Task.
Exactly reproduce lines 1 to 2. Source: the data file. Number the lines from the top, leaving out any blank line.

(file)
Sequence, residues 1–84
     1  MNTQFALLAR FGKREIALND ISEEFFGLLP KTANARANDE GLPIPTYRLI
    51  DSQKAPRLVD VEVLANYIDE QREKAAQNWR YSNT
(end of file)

Sequence, residues 1–84
     1  MNTQFALLAR FGKREIALND ISEEFFGLLP KTANARANDE GLPIPTYRLI